To fail or not to fail? A new study

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Do you have to train every set to the point of muscle failure for optimal muscle growth? A new meta-study provides clarity.


Just to remind you, training to muscle failure means training to the point where you can’t do a decent (!) repetition anymore. It means using the maximum intensity of a set.

Many strength athletes train to muscle failure just about every set, because they believe that this results in maximum muscle growth: no pain, no gain.

However, many reputable coaches think it’s better to keep a few reps ‘in the tank’: training with Reps In Reserve (RIR). For example, 2 RIR means you stop the set two reps before muscle failure.


Those coaches are right when it comes to a meta-study by Vieira ea. The analysis shows that training to muscle failure has a poor stimulus-to-fatigue ratio (SFR). This means that the training stimulus is counterbalanced by a relatively high level of fatigue. Training to muscle failure significantly increases muscle damage and thus recovery time, neuromuscular fatigue and metabolic disruption. This compared to training with RIR, but with the same repetitions volume.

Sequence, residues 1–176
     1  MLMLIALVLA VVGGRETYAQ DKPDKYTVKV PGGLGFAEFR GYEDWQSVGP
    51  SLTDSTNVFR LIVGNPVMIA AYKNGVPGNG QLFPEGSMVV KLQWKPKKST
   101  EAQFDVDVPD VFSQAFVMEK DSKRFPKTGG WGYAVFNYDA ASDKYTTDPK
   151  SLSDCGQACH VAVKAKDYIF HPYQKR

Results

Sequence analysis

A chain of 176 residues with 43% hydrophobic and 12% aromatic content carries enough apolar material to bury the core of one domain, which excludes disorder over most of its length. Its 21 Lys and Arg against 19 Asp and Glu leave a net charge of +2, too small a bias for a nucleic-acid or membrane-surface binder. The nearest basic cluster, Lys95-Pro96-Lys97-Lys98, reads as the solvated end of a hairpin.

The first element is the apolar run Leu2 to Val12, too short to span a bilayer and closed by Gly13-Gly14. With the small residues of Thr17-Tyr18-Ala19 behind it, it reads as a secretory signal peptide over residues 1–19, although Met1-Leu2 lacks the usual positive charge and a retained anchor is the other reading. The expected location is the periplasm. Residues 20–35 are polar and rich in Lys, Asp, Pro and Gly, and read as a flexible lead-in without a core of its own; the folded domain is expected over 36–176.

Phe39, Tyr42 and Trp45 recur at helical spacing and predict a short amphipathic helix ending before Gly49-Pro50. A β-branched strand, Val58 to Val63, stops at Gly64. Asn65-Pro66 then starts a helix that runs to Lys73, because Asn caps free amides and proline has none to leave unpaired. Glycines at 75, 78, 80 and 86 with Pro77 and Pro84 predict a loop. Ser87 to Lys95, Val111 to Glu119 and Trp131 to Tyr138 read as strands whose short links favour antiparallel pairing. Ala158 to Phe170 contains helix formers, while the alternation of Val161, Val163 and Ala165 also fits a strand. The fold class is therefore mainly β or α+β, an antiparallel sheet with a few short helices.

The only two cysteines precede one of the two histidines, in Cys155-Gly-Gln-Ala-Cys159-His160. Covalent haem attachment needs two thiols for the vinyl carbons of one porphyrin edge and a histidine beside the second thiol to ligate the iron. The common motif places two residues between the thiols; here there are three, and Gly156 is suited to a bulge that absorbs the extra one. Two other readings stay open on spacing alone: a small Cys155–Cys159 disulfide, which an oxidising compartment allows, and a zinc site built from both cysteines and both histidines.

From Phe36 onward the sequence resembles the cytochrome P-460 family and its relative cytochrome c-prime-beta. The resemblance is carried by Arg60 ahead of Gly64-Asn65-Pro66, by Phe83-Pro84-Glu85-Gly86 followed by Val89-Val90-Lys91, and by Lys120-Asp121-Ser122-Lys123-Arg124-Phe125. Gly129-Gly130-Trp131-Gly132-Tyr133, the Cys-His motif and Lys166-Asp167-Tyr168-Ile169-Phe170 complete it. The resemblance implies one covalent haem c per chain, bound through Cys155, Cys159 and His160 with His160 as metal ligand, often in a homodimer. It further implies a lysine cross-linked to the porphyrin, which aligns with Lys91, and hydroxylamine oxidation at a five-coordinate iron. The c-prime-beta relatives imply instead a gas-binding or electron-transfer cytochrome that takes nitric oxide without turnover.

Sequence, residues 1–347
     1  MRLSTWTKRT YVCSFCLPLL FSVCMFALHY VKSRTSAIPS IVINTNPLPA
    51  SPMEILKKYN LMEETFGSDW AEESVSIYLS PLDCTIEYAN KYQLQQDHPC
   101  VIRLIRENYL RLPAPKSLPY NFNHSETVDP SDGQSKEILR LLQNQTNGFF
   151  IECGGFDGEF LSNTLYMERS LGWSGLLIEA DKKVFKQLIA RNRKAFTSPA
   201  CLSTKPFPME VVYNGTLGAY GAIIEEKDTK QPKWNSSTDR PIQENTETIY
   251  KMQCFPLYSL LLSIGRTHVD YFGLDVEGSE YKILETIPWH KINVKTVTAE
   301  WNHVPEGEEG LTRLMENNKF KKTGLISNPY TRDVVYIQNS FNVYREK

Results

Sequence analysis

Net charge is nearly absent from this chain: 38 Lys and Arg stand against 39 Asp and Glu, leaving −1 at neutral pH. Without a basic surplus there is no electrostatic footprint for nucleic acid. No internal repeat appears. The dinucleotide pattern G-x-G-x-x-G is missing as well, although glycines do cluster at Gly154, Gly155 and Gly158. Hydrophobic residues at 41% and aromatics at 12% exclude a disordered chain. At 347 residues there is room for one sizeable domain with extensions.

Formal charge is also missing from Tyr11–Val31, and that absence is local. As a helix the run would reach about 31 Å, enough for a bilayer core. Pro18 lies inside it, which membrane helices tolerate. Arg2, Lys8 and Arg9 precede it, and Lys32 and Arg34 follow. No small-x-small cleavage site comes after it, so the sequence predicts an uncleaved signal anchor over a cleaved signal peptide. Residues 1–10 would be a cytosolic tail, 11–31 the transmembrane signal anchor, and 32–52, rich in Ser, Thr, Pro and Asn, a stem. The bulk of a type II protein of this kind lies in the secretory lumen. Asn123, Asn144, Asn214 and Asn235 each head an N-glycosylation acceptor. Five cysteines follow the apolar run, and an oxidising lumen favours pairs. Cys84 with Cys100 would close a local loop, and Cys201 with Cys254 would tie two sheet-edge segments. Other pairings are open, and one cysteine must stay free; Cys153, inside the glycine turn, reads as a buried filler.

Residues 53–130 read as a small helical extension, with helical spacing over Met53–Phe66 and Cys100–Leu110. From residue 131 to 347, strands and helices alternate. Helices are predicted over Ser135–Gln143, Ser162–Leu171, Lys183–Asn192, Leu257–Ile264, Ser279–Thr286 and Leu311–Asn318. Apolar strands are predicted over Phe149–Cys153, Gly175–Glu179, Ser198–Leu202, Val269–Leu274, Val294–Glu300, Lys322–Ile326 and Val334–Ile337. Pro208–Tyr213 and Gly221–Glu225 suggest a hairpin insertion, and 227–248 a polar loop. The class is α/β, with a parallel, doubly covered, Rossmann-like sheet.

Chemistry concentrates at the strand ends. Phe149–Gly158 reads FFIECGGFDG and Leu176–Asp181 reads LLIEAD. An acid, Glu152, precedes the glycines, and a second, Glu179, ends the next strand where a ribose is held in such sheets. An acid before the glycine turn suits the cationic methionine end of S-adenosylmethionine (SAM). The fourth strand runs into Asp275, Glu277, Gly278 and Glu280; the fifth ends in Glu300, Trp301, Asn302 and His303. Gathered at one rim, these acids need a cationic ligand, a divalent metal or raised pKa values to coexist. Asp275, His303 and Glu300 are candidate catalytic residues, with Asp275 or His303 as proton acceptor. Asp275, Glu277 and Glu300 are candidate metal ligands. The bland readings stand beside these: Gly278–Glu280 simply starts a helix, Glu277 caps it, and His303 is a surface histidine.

The conclusion is that with muscle failure you create much more fatigue compared to a little bit of extra muscle stimulation. Therefore, it is better to stay one to three reps of muscle failure (1-3 RIR) and do more sets rather than less sets until complete muscle failure. So you train close to muscle failure (a set is certainly heavy), but not completely. That way you create the most stimulus against the least fatigue.

Should you never train to muscle failure at all? Not now either. By occasionally training until muscle failure you learn to better estimate the number of RIR. In addition, failure training is a valid strategy for people who have little time to train, while recovery is not a problem.


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